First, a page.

Judge Amodeo kept control over the case as long as he could so someone more objective wouldn’t correct his mistakes. When the Texas court took jurisdiction they quickly recognized that the mother should have custody. They scheduled therapy sessions with the mother and children to repair the damage done by the father. It was too late. The children who had once been so close to their mother refused to resume the relationship. When the children lived with the mother they had regular contact with the father. Judge Amodeo focused on unscientific alienation theories and the myth of false reports by mothers, as Saunders found unqualified professionals do. As often happens in these cases, once the abusers gain control they use their power to destroy the mothers’ relationships because they was their purpose in seeking custody.
Sending Children to Jail
Judge Lisa Gorcyca demonstrated a clear lack of understanding concerning domestic violence. She discredited reports of domestic violence based on information that is not probative and then closed her mind to any information that undermined her assumptions. During the Tsimhoni case she stated that the father could not be an abuser because he doesn’t have a criminal conviction or restraining order against him and has a good reputation in the community. If the judge had the proper training she would know that domestic violence is one of the most underreported crimes and it is common for abusers to avoid any accountability. She should also know that how abusers act in the outside world is often very different than what their families see in the privacy of the home. Unfortunately these mistakes are all too common in the broken custody court system.
Judge Gorcyca also created what the Saunders’ study refers to as a “harmful outcome” case. These are extreme outcomes in which the alleged abuser is given custody and safe protective mothers who are the children’s primary attachment figures are limited to supervised or no visitation. These outcomes are always wrong because the harm of denying children a normal relationship with their primary attachment figure, a harm that includes increased risk of depression, low self-esteem and suicide when older is greater than any benefit the court thought it was creating. The Saunders’ study found that these outcomes are usually based on the use of very flawed practices which is certainly true in the Tsimhoni case. It is usually the worst judges who create harmful outcome cases but they are all too common. Fundamentally these are cases in which the courts seek to punish mothers in ways that actually punish the children. In most of these cases the judges’ desire to punish the mother is based on the judge’s failure to recognize true reports of abuse.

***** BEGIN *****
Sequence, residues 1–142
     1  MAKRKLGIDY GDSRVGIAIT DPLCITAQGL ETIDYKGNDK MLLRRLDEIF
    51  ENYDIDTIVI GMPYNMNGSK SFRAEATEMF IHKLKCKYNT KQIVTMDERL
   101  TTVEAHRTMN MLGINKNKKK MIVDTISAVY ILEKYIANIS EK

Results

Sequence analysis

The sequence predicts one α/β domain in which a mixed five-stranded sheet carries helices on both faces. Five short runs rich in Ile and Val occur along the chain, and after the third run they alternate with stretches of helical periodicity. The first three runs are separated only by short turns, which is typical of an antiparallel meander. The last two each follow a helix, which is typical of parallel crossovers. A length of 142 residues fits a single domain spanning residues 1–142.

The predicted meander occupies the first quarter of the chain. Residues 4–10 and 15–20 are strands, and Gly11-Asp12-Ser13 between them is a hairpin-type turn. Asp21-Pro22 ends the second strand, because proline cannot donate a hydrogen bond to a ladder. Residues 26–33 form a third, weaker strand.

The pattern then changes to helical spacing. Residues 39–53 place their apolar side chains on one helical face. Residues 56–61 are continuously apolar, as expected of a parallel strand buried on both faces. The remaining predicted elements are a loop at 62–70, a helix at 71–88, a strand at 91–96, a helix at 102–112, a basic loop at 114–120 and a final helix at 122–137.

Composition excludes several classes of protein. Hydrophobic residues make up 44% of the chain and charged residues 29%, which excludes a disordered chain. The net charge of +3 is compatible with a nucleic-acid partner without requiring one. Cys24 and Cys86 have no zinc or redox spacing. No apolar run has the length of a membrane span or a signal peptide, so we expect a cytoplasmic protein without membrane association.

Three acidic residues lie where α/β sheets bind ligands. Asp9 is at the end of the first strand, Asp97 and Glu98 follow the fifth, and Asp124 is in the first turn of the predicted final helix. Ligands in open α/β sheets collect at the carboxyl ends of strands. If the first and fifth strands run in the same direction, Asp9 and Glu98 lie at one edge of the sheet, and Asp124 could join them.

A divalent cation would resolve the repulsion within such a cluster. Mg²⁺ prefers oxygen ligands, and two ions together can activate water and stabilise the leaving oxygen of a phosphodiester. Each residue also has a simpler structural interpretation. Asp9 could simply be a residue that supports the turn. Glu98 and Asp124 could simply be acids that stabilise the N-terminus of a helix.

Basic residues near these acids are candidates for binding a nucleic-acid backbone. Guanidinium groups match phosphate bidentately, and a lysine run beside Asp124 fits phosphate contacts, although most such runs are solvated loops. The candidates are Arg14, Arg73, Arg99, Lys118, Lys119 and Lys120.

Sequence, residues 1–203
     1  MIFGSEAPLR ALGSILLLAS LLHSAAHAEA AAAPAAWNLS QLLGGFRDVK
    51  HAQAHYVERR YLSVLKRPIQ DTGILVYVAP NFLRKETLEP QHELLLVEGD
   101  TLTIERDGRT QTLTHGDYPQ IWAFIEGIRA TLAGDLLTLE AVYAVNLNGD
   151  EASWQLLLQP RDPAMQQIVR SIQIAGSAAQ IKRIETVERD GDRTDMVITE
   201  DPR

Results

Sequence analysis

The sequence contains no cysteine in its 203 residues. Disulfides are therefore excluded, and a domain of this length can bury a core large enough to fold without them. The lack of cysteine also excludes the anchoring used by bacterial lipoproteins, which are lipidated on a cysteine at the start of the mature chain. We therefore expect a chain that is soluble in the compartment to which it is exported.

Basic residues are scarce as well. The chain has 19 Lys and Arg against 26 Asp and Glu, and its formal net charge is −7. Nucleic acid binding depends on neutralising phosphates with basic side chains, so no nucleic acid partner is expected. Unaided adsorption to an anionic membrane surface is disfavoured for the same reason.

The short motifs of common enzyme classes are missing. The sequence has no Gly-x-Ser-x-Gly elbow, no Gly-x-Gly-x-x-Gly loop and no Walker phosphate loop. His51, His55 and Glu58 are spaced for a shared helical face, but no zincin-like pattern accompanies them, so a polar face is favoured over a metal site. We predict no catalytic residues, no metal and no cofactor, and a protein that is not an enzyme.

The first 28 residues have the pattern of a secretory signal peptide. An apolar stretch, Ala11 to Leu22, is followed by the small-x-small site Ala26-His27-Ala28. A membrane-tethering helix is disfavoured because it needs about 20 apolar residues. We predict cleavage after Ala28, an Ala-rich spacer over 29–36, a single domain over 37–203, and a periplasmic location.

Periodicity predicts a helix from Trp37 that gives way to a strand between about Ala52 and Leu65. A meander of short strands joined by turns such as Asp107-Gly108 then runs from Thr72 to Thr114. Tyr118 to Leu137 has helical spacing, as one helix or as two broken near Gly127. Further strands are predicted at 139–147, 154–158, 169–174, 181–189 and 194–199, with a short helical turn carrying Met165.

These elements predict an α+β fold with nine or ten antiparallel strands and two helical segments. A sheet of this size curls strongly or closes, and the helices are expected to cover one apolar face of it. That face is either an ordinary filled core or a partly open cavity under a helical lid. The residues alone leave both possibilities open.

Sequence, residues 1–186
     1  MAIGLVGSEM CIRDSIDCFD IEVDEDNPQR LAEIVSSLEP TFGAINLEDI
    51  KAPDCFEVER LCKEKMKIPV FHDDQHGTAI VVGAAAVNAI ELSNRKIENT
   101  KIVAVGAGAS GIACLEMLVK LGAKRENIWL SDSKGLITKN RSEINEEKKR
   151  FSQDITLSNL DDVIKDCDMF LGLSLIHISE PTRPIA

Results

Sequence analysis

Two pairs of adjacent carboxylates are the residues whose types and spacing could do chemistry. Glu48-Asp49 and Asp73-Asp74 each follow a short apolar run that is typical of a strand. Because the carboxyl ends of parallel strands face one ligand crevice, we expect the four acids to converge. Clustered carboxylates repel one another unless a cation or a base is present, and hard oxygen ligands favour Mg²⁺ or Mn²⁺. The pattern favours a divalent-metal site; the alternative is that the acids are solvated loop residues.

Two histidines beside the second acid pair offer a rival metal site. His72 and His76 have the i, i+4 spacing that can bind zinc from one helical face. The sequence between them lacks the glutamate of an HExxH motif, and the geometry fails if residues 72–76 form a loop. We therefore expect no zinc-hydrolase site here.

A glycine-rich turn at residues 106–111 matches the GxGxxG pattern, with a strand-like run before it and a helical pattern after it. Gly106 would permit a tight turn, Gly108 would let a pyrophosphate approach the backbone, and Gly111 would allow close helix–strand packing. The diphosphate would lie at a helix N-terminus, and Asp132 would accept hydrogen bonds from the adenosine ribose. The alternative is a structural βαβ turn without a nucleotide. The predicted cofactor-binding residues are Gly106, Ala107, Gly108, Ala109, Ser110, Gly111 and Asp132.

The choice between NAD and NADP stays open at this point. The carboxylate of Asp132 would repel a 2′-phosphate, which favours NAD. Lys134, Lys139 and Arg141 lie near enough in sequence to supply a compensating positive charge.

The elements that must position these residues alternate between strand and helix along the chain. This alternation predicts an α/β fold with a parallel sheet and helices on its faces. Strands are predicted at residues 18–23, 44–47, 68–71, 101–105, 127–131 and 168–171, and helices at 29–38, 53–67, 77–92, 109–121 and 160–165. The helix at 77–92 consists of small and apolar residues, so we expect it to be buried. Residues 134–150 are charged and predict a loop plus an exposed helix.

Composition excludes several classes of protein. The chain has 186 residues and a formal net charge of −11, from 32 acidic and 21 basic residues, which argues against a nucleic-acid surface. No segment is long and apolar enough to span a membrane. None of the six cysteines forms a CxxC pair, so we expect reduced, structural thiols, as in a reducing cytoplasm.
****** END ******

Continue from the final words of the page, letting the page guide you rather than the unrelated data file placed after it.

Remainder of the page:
Judge Gorcyca also created a gag order. Although the claimed purpose is to protect the privacy of the children (which clearly did not work), but the real purpose is to shield the judge from accountability. There are serious First Amendment problems with gag orders and many courts have ruled them unconstitutional. There is also a serious ethical issue based on the conflict of interest. The judge is issuing a decision that benefits the judge by interfering with the ability of the media and public to discuss any mistakes or improprieties committed by the judge. At the very least this creates an unacceptable appearance of a conflict of interest.
Judge Gorcyca took her crusade to outrageous and relatively rare levels by jailing the three minor children (sending them to a juvenile facility) and making gratuitous attacks on the children such as comparing them to Charles Manson. The judge’s actions demonstrate that she had lost all sense of objectivity and proportion and was seeking to punish the children rather than act in their best interests.
Judge Gorcyca only removed herself from the case after the Judicial Tenure Commission filed charges against her. It is disconcerting that all of the egregious actions discussed above did not lead to her ouster. Only reports that she also lied to the judiciary were sufficient to end her rein of terror against the Tsimhoni children.
The Broken Custody Courts Are an Institutional Failure
There are many more horrific judges I could have written about and I know my readers could document many more candidates for this “honor.” In the batterer program I teach in we have a saying “hate the game not the players.” The quote has to do with the overarching role of sexism and values that tolerate men’s abuse of women. In the case of the custody courts, it is the outdated and discredited practices that permeate the system and allow professionals to feel good about decisions that destroy lives.
Many good judges are unaware of the problematic practices of their colleagues. Even worse, there is a tendency of courts to protect bad judges out of concern that holding them accountable would undermine the reputation and authority of the courts. They don’t realize that tolerating the inexcusable practices is far worse for their reputation and more so for the children whose lives are ruined.
One of the problems with overcoming oppressions like racism and sexism is that they are designed so that good people can engage in the offensive behavior without realizing they are doing it. The same thing is true of many of the flawed practices judges routinely use. This is why those of us who want to reform the broken system need to be thoughtful about how to approach the courts.
We need to change the discussion because it is a discussion the good side keeps losing. I love the ACE and Saunders’ Research because they provide a good opportunity to change the discussion. For the same reason I believe the Safe Child Act is the best chance to create the comprehensive reforms that are needed. The children are our constant reminders about why we must keep doing this work rather than fall for the understandable inclination to just blast the judges who are causing so much harm.
The Worst Lawyer in the History of the World
Unlike the question about judges, this question is easy. During my work on the Shockome case, I had occasion to appear on a television interview program with the mother. The host asked me what kind of lawyer I was. I felt compelled to tell the truth. I said I am the worst lawyer in the history of the world. How else can I explain how I could keep losing the strongest possible cases?